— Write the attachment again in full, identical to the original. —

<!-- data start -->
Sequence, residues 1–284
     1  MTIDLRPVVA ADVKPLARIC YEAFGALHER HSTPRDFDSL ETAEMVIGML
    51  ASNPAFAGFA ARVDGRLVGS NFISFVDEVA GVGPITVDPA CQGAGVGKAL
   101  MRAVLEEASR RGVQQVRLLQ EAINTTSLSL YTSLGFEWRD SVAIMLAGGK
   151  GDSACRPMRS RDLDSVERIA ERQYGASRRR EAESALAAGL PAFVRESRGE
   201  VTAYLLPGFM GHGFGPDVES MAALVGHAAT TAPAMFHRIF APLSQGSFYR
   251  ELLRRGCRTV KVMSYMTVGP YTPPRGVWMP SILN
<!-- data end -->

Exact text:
Sequence, residues 1–284
     1  MTIDLRPVVA ADVKPLARIC YEAFGALHER HSTPRDFDSL ETAEMVIGML
    51  ASNPAFAGFA ARVDGRLVGS NFISFVDEVA GVGPITVDPA CQGAGVGKAL
   101  MRAVLEEASR RGVQQVRLLQ EAINTTSLSL YTSLGFEWRD SVAIMLAGGK
   151  GDSACRPMRS RDLDSVERIA ERQYGASRRR EAESALAAGL PAFVRESRGE
   201  VTAYLLPGFM GHGFGPDVES MAALVGHAAT TAPAMFHRIF APLSQGSFYR
   251  ELLRRGCRTV KVMSYMTVGP YTPPRGVWMP SILN